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Re: Will the NX20 be the first to reach 1/8000s shutter speed? But...
In reply to Taffy, Apr 12, 2012

I think it was January 2012. There have been previous dates in 2011 but I have lost track.

Taffy wrote:

When shall we see it? When is the release date?
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tecnoworld
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Re: Will the NX20 be the first to reach 1/8000s shutter speed?
In reply to Alexramos, Apr 12, 2012

I hope the NX20 has a big buffer for Raw...at 8fps it would be of no use if it could just keep few pics in the buffer.

At least 30 Raw images should be stored in the fast buffer. Better if 60.

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Billx08
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Will the NX20 be the first to cost $1500?
In reply to tecnoworld, Apr 12, 2012

tecnoworld wrote:

I hope the NX20 has a big buffer for Raw...at 8fps it would be of no use if it could just keep few pics in the buffer.

At least 30 Raw images should be stored in the fast buffer. Better if 60.

If Samsung offers a version that can buffer 60 RAW photos but charges several hundreds of dollars for the extra memory, would you be willing to pay for it? FWIW, Nikon is still selling its memory upgrade for the D3 that doubles the amount of internal SDRAM memory. The application form specifies the many photo formats that the D3 uses and how the buffer upgrade changes the capacities. The ones of most relevance with their before/after capacities are 18 to 43 (12-bit lossless compressed), 16 to 38 (14-bit lossless compressed), 20 to 44 (12-bit compressed), 16 to 37 (14-bit compressed), 17 to 38 (12-bit uncompressed), and 16 to 36 (14-bit uncompressed). The cost for this memory upgrade is USA $500 and CDN $550.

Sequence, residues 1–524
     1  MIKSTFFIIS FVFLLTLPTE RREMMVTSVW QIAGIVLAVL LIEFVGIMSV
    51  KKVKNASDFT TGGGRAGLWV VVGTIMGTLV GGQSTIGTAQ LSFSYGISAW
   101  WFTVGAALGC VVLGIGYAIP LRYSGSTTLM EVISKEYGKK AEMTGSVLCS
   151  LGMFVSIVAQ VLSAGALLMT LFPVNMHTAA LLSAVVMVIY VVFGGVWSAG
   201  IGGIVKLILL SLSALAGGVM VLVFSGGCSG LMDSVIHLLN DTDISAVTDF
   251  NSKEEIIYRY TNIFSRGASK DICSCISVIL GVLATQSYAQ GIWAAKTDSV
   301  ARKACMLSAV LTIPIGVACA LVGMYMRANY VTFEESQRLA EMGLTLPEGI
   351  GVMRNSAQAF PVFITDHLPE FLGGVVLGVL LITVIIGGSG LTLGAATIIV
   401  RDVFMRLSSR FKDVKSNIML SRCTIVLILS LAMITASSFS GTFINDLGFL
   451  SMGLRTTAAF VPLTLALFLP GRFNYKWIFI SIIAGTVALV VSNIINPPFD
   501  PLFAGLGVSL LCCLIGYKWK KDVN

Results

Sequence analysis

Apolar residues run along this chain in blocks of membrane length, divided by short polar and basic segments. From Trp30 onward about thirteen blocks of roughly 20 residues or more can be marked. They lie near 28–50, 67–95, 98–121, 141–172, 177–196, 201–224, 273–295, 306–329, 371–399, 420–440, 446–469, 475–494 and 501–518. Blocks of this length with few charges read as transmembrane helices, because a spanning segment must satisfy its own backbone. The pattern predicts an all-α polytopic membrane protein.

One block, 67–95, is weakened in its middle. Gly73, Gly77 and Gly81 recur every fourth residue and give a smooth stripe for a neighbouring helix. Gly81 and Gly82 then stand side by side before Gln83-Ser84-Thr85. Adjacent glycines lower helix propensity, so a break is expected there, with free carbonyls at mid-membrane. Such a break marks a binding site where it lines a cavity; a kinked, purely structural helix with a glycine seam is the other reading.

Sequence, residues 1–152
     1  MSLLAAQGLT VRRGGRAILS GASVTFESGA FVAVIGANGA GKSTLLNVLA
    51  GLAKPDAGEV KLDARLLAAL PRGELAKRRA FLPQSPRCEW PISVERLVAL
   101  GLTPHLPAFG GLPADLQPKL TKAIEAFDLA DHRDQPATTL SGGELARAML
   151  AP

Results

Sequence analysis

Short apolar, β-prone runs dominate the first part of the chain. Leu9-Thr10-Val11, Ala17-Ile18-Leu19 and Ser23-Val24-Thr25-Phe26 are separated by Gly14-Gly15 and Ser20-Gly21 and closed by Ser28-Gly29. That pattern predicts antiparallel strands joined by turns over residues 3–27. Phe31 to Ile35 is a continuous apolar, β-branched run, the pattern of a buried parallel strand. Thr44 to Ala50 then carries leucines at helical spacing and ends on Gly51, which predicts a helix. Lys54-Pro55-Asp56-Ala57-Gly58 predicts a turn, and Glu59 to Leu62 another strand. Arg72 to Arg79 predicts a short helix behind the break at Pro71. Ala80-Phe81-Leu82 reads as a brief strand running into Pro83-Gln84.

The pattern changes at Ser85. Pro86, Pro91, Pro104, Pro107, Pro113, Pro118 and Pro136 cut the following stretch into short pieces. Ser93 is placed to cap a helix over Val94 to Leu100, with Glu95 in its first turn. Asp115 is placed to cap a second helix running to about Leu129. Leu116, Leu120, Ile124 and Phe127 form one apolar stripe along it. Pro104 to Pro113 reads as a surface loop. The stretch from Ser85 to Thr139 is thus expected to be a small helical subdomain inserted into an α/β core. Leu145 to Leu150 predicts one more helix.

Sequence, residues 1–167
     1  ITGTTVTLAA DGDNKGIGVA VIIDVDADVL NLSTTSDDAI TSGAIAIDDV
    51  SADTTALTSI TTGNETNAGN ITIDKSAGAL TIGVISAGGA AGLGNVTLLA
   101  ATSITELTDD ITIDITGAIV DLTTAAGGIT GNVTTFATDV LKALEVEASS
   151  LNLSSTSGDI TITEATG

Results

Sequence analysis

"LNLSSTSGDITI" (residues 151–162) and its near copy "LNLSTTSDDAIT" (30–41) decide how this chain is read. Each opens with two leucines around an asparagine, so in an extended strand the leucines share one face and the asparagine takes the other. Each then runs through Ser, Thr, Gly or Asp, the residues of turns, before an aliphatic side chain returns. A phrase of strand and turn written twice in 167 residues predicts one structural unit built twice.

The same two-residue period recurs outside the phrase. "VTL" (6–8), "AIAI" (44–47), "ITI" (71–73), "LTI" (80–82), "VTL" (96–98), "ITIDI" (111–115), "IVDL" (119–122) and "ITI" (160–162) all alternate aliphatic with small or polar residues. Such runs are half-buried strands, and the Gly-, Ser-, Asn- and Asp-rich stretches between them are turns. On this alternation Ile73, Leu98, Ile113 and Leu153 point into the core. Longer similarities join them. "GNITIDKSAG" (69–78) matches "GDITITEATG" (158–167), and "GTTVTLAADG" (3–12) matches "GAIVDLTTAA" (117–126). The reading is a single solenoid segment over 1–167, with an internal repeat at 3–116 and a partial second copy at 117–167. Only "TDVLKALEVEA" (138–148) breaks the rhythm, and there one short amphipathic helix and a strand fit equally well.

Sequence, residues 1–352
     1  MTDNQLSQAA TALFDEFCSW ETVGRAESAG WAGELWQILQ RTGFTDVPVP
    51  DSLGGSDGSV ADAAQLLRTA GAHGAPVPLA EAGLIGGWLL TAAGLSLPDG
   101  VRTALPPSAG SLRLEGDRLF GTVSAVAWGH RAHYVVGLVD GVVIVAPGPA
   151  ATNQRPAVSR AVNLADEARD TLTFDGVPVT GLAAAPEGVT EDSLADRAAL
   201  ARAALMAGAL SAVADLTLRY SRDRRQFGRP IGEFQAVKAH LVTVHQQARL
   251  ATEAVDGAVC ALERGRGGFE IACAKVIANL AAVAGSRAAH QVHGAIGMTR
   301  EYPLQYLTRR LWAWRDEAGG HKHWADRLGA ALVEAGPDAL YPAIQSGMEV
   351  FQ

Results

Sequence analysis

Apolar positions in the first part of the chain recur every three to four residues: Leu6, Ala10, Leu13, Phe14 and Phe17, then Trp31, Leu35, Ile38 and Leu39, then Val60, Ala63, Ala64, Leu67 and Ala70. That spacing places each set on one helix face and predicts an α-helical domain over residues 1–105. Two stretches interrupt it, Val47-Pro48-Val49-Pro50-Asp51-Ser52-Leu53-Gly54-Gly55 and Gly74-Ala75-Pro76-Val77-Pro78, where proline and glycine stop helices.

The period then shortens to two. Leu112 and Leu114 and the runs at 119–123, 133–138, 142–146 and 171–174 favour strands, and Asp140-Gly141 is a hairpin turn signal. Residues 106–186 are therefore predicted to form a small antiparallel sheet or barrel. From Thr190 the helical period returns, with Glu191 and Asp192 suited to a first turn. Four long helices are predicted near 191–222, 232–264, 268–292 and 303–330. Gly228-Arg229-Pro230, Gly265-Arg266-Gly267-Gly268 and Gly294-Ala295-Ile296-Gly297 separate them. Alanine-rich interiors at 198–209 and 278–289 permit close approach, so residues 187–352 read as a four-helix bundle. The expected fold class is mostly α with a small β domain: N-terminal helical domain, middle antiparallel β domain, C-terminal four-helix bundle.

Oops. Too late :

This service will end on July 20, 2011.

http://support.nikonusa.com/app/answers/detail/a_id/15997/~/d3-digital-slr-camera-buffer-memory-expansion-service
  http://www.robgalbraith.com/bins/content_page.asp?cid=7-9312-9538

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tecnoworld
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Re: Will the NX20 be the first to cost $1500?
In reply to Billx08, Apr 12, 2012

so what's the use of 8fps, if the camera can't keep up with that? jpg only?

I know that 1GB of very fast memory (DDR3) is now so cheap for computers. You can buy 4GB for 15 euro or less, so I can't see the point of not installing 2GB of such memory on the camera...

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wictred
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Re: Will the NX20 be the first to cost $1500?
In reply to tecnoworld, Apr 12, 2012

tecnoworld wrote:

so what's the use of 8fps, if the camera can't keep up with that? jpg only?

I know that 1GB of very fast memory (DDR3) is now so cheap for computers. You can buy 4GB for 15 euro or less, so I can't see the point of not installing 2GB of such memory on the camera...

so you're telling us that a 900$ camera should be able to keep up with cameras that cost a couple times more - by just putting a few $ in extra memory in it?

honestly I don't see the problem

Entry level DSLRs have similar or even lower performance. If you expect performance of something like a D3 - and that at 20mp - then the Samsung cameras are probably not for you.

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Billx08